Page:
National Bear Hunt and Other Community Treasures

Have you spotted any teddy bears on your keep-a-safe-distance walks?

Blueberry the Bear

I first heard about the #NationalBearHunt from a friend on Facebook. Carrie has a toddler at home whereas my boys are now 19 and 22. Without her post, I may have missed it. I’m trying to limit my news consumption.

The bear hunts are inspired by British author Michael Rosen’s children’s book “We’re Going on a Bear Hunt”. Rosen’s 1989 book has never been out of print! I hope he knows what an inspiration he’s been to parents and children everywhere.

We have one teddy bear in residence, the newly named Blueberry. My son didn’t name the bear when I made it for him out of soft fleece about a decade ago. At the time my son was more interested in the making of the bear then he was in having it. I made three bears during that time, but the other two went to a new home.

A startled Mouse the Cat discoveries Blueberry in the window

Blueberry is in the front window, visible from the curb and in view of our Little Free Library. I’ve left a small sign inviting folks to wave as they walk by.

A make-shift sign, Mouse the Cat, and Blueberry the Teddy Bear

It’s these small gestures that help keep us sane.

Here are a few others:

Anne Lawson in Australia posted this on her Instagram feed annelawson54:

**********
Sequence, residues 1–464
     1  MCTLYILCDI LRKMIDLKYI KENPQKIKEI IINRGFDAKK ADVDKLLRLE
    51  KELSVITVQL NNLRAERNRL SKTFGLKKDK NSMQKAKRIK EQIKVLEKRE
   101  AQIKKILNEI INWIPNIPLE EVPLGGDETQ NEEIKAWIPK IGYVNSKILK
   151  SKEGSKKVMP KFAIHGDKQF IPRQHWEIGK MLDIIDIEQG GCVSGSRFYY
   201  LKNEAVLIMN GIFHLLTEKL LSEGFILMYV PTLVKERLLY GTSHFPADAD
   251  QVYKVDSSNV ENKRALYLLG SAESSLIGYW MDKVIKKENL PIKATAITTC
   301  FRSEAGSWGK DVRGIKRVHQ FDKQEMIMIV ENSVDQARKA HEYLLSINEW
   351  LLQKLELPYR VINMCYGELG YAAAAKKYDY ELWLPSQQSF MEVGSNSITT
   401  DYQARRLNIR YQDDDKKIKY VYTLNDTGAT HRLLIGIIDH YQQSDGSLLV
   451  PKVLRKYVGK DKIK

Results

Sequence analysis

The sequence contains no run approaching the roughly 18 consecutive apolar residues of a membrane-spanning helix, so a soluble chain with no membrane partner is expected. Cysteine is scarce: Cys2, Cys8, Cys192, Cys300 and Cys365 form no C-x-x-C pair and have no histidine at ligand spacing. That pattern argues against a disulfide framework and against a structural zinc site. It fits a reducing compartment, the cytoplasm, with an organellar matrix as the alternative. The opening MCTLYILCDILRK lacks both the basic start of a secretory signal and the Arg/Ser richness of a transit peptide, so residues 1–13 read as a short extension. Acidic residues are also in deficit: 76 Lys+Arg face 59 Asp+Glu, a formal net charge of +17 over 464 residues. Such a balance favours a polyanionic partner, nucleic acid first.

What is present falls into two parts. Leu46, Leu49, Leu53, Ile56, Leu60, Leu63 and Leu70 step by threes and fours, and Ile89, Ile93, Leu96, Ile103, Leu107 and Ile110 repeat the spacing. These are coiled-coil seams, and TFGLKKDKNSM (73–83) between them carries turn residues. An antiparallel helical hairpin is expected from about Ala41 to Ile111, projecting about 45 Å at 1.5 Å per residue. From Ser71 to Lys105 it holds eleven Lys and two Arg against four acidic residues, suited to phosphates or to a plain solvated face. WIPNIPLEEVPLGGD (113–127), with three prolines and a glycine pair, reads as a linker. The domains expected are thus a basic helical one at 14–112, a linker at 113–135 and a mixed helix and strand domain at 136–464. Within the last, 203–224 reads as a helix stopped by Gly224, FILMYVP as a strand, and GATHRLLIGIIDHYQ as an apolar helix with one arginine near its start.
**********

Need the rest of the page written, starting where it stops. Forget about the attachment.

“Another way to build community connections….a gallery in my own front yard. All exhibitors have to do is leave a drawing in my letterbox. Is this something you could do? (Until it rains, of course. Then I will have to be more inventive 😊)”

Jacinda Arden has a teddybear in her window in New Zealand as she shelters in place. The Guardian reports:

“the real-life Kiwi bear hunt has seen homes from Bluff to Auckland place teddy bears in their street-facing windows, allowing local children to “hunt” for bears in their neighbourhoods. The prime minister, Jacinda Ardern, confirmed she too had placed a teddy in the front window of Premier House in Wellington, where she is in lockdown with her fiancé, Clarke Gayford, and toddler, Neve.”

Little Free Libraries converted to food pantries, pre-packaged, sterilized books, a joke a day and more.

“Community engagement and sharing with others are at the heart of the Little Free Library movement. In just a few days, the spirit of sharing in Little Free Libraries has shifted to accommodate different and increased needs in communities all over the world.

By now you may have already seen stories and photos of stewards in cities near and far transforming their book-exchange boxes into “little free pantries,” offering items like canned goods, toilet paper, sanitizing products, and more while COVID-19 has changed day-to-day life drastically for everyone.

While some stewards have opted to close their little libraries completely to limit potential exposure to frequently-touched surfaces, others are swapping out books for household essentials to help out neighbors in need. And a number of stewards are offering both books and pantry items!”

Our LFL is a beloved community resource. Closing it down seems unthinkable, but keeping every book sanitized is impossible. I could sanitize the doorknobs, books, and shelves, only to have to start over after one visitor. Since visitors continue to stop by, I’ve taken all the back-stock of children’s books from our garage and placed them in an open bin.

Back-stock of children’s books in my garage

Adjunct bin of LFL children’s books

My hope is that books will be sanitized by the user. If the books remain untouched, they at least offer hope for the future.

What are you seeing in your community?